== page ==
Saturday, February 02, 2008

Kosovo: The Next War?

While progressive Americans try to select the Democratic candidate most likely to extract the U.S. from Iraq another crisis brews that will test the next president. The issue of independence of Kosovo from Serbia will come to a head within the next month or so potentially pitting the U.S. and some of the E.U. against Serbia and Russia. Americans tend to view the last Balkan war under Bill Clinton as a "Good War" where American might some how stopped aggression and genocide. The reality is more complicated and challenges the concept of Wilsonian Democracy popular in both sides of the American political monolith.

Diane Johnstone, one of most incisive of American critics of the U.S. actions in the Balkans, sums up American behavior under Bill Clinton:

"To provide a casus belli, the Clinton administration orchestrated sham negotiations at the French ch√Ęteau in Rambouillet. The U.S. abruptly promoted Hashim Thaqi, the head of the armed "Kosovo Liberation Army", to head the Kosovo Albanian delegation, shoving aside more reputable Albanian leaders such as Ibrahim Rugova. No direct encounters between the Serbian and Albanian delegations were even allowed. Both were ordered to accept a comprehensive plan drafted by the United States, allowing for NATO occupation of Kosovo. Secretary of State Madeleine Albright bullied Thaqi into reluctantly accepting the ultimatum, with back-stage assurances that he would eventually get his own "independent Kosova". The Serbs had agreed to the principle of autonomy of Kosovo, and their parliament had drafted a proposal--totally ignored at Rambouillet. But the Serbian delegation rejected the ultimatum, which included an annex that would have allowed NATO occupation of the whole of Serbia. This rejection was the result Ms Albright sought. On the pretext that Serbia had "refused to negotiate", NATO could wage its victorious little "humanitarian" war."

Now however the finishing touches are being put on the situation with independence being a done deal:

"
This year, the world has been provided with the spectacle of much more prolonged sham negotiations. For weeks and months, the West's semi-official media have put out "news" reports that the negotiations to settle the Kosovo problem were not getting anywhere. This was not news because the negotiations were framed in such a way that they could not possibly succeed.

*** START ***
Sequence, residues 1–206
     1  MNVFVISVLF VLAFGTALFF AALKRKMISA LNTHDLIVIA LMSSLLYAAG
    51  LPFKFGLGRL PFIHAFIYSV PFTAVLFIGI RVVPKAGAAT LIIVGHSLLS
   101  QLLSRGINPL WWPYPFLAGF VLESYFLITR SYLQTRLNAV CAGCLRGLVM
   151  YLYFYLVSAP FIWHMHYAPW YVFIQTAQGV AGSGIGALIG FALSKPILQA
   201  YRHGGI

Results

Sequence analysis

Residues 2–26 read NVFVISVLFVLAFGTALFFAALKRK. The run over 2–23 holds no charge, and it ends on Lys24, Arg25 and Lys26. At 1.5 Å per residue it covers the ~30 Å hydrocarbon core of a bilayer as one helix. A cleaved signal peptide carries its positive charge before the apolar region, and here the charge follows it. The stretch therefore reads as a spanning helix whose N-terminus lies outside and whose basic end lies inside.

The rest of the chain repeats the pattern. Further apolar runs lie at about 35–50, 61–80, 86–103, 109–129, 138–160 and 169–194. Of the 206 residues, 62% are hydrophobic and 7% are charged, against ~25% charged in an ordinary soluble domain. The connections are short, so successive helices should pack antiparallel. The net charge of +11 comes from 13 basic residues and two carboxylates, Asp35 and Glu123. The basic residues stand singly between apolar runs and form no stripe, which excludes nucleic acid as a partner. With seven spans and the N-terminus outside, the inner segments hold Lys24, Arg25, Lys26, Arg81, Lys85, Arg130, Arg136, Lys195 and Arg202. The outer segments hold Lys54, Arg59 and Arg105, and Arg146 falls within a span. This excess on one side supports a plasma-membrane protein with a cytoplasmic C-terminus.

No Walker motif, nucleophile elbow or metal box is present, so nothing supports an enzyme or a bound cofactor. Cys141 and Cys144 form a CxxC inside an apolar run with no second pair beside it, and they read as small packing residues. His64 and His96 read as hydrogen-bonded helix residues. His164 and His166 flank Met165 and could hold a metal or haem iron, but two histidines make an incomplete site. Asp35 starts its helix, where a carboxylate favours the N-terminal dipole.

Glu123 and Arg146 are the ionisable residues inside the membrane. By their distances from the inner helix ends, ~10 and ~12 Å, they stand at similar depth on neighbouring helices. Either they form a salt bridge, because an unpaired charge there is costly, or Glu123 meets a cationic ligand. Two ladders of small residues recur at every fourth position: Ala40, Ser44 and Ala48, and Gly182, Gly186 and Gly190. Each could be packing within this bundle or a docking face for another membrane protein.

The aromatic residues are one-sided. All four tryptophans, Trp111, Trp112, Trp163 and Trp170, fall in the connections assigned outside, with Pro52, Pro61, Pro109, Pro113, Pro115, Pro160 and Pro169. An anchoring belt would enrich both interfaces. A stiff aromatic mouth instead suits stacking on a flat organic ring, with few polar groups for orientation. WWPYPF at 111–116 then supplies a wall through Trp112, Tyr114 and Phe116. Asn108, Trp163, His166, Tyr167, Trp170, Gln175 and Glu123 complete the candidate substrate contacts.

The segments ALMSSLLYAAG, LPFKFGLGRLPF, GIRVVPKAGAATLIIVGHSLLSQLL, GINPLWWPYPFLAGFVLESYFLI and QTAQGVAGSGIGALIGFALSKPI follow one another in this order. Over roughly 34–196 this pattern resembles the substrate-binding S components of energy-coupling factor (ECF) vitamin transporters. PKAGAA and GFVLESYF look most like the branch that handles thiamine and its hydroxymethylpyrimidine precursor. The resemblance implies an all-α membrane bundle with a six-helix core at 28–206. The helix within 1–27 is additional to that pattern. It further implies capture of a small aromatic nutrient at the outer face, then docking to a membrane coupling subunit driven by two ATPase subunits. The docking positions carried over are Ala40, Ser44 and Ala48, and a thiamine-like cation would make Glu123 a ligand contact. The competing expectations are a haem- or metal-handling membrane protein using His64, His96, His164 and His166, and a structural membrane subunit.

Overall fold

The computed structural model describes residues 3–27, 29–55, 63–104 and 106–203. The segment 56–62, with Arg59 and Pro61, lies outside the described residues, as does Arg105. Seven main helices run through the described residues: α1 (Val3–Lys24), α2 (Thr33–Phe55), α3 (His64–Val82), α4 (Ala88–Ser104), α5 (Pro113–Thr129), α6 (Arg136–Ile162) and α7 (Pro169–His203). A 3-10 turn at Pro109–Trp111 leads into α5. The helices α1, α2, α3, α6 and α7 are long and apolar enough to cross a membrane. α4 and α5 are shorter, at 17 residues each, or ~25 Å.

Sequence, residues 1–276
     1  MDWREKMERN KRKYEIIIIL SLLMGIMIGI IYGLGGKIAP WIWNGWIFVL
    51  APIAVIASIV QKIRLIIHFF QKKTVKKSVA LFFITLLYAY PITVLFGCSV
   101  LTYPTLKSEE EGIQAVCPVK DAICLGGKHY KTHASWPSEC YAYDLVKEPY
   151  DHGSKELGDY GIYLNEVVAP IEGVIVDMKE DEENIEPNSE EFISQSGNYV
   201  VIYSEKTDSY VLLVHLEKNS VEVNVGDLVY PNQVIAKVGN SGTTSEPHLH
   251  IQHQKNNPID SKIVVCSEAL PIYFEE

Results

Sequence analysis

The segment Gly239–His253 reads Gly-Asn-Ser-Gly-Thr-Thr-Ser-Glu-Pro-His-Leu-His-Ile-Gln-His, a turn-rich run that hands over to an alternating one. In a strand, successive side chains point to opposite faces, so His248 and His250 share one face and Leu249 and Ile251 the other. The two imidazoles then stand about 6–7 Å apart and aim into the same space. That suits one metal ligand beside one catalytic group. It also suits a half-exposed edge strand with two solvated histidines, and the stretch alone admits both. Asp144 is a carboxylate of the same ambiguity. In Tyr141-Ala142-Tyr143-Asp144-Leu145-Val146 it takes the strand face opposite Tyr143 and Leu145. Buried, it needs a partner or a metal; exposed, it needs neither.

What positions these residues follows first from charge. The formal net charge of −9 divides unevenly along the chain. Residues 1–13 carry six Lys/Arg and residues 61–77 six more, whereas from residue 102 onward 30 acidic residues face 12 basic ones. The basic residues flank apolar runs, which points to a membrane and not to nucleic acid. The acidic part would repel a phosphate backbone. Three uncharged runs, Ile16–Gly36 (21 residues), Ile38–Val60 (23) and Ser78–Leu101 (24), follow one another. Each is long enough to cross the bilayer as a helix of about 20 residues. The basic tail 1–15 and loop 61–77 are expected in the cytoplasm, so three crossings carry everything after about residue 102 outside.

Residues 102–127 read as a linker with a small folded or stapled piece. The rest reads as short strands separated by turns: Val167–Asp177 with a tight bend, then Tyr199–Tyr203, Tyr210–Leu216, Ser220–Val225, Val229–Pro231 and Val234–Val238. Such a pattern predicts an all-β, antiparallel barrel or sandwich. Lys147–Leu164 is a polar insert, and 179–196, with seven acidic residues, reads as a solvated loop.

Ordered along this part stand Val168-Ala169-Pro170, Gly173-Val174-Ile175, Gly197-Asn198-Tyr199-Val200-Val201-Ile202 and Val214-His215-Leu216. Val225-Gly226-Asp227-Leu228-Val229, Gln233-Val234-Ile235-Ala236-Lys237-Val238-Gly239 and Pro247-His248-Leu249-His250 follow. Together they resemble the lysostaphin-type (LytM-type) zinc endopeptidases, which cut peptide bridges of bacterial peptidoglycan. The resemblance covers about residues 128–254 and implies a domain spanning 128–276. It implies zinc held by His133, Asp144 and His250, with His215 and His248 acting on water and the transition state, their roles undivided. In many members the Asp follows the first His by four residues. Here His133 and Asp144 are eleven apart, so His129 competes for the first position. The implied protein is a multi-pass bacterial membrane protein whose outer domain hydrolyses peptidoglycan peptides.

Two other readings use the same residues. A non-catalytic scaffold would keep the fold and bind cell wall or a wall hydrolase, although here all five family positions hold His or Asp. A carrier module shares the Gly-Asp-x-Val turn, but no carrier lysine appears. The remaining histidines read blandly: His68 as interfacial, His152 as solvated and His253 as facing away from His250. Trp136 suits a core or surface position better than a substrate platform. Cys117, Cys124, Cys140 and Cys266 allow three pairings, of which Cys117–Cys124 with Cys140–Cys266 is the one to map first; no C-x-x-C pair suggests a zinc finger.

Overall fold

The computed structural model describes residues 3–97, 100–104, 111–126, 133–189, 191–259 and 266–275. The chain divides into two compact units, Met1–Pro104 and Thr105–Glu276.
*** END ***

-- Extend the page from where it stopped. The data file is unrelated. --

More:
"The Serbian and Albanian sides can't agree", the pseudo-diplomats say of their pseudo-diplomacy. They mean, the Serbian side has not agreed to the Albanian demand for an independent Kosovo. This was the only proposal with U.S. support. It amounted to yet another ultimatum to the Serbs. The Albanians knew they had the support of the United States and NATO, who are occupying Kosovo militarily. They had no incentive to bargain. They could just wait for the negotiations to fail, sure they would be given what they want by occupying Great Powers."

Of course now a resurgent Russia is to blame as well:

"The West is putting the blame for this failure on Vladimir Putin. The servile press is puffing up Putin's status as the latest world class bad guy, motivated by "power" and a perverse desire to annoy the virtuous Americans. Since the Americans back the Albanian demand for independence, the Russians, out of contrariness, back the Serbian position.

This is not exactly accurate. The Serbian position is to offer very comprehensive autonomy to Kosovo, a self-government just short of formal independence. The Russian position is to be ready to support any agreement reached between the two sides.

Western reporters and commentators refuse to grasp what this means. It means that the Russians are insisting on genuine negotiations, between the two parties, the Serbian government and Kosovo Albanian separatists. They are not saying what the outcome of such genuine negotiations would be. They might reach some sort of compromise providing for some sort of independence. The point is that such an agreement, reached by both parties, would be legal under international law. Independence proclaimed unilaterally by Kosovo Albanians, without negotiated agreement with Serbia, would constitute a clear violation of international law. Russian Foreign Minister Sergei Lavrov has repeatedly warned that a unilateral proclamation of independence could provoke further interethnic violence in the region and set a dangerous precedent for many other countries with ethnic minorities.

In the level of principles, the contrast is not between the U.S. backing Albanian Kosovo independence and Russia backing Serbia. It is between Russia backing diplomacy and the United States backing force."

Of interest is the position of Hillary Clinton who stakes out a position that will further estrange Russian-American relations for the foreseeable future as noted here.

Pravda has the latest Russian Foreign Ministry statement.

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